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A Prospective Randomized Comparative Trial of Targeted Steroid Injection Via Epidural Catheter Versus Standard C7-T1 Interlaminar Approach for the Treatment of Unilateral Cervical Radicular Pain
  1. Zachary L. McCormick, MD*,
  2. Ariana Nelson, MD,
  3. Meghan Bhave, MD,
  4. Mikhail Zhukalin, DO§,
  5. Mark Kendall, MD,
  6. Robert J. McCarthy, PharmD,
  7. Dost Khan, MD,
  8. Geeta Nagpal, MD and
  9. David R. Walega, MD
  1. *Department of Orthopaedic Surgery, University of California, San Francisco, San Francisco, CA
  2. Department of Anesthesiology, University of California at Irvine, Irvine, CA
  3. Department of Anesthesiology, Northwestern University, Chicago, IL
  4. §Department of Physical Medicine and Rehabilitation, Northwestern University, Chicago, IL
  1. correspondence: David R. Walega, MD, Department of Anesthesiology, Feinberg School of Medicine, Northwestern University, 251 E Huron St, F5-704 Chicago, IL 60611 (e-mail: d-walega{at}


Background and Objectives No study has compared cervical interlaminar epidural steroid injection (CIESI) with epidural catheter advancement to the side and level of pathology versus standard C7-T1 CIESI. This study investigated whether cervical radicular pain is more effectively treated by CIESI with a targeted epidural catheter versus a standard C7-T1 approach.

Methods Prospective, randomized, single-blinded trial. Primary outcome: Numerical Rating Scale (NRS) pain at 1 month. Secondary outcomes: Oswestry Neck Disability Index (ONDI), Pain Disability Index (PDI), McGill Pain Questionnaire (MPQ), Patient Global Impression of Change (PGIC), daily morphine equivalents (DME), and Medication Quantification Scale (MQS) III scores.

Results Seventy-six participants with a median age of 48 years (IQR, 40–56 years), 59% female, with C4 (n = 2), C5 (n = 27), or C6 (n = 47) radicular pain were enrolled. At 1 month in the catheter and no catheter groups, respectively: 26 (72%, 95% confidence interval [CI], 57%–87%) and 23 (60%; 95% CI, 45%–75%) participants reported 50% or greater NRS reduction; 24 (67%; 95% CI, 52%–84%) and 23 (58%; 95% CI, 42%–73%) participants reported 30% or greater ONDI reduction. There were no group differences in median NRS, ONDI, PDI, MPQ, PGIC, DME, or MQSIII scores (P > 0.05). Intergroup differences were not observed at any follow-up interval.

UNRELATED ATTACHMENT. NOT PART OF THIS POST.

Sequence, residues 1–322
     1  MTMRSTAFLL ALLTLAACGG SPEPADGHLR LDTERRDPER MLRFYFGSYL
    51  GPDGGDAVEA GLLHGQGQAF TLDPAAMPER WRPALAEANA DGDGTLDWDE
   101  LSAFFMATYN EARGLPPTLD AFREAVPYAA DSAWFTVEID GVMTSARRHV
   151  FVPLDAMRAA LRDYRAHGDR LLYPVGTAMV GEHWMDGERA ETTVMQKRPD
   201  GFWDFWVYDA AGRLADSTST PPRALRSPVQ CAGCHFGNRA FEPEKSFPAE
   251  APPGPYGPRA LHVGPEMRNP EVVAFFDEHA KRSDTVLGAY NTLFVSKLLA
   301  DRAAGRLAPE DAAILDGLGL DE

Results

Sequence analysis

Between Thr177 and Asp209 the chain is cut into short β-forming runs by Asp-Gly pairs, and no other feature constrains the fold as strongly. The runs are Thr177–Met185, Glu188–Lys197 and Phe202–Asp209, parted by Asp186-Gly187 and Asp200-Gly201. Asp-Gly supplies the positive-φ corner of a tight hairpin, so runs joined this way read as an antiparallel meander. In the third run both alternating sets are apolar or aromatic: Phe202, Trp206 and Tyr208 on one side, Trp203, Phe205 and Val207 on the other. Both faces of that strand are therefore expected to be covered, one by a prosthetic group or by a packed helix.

Conclusions This trial showed no significant difference in clinical outcomes with CIESI using a targeted epidural catheter compared to a standard C7-T1 approach for the treatment of unilateral cervical radicular pain at the C5 or C6 level. Both techniques were associated with clinically meaningful improvement across outcome domains of pain, function, disability, and medication use. These effects persisted to 6-month follow-up.

The study was registered at Clinical (NCT02095197).

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  • The authors report no conflict of interest.

    Funding: This study was funded through the 2013 Midwest Pain Society Addison/Blonsky Research Grant.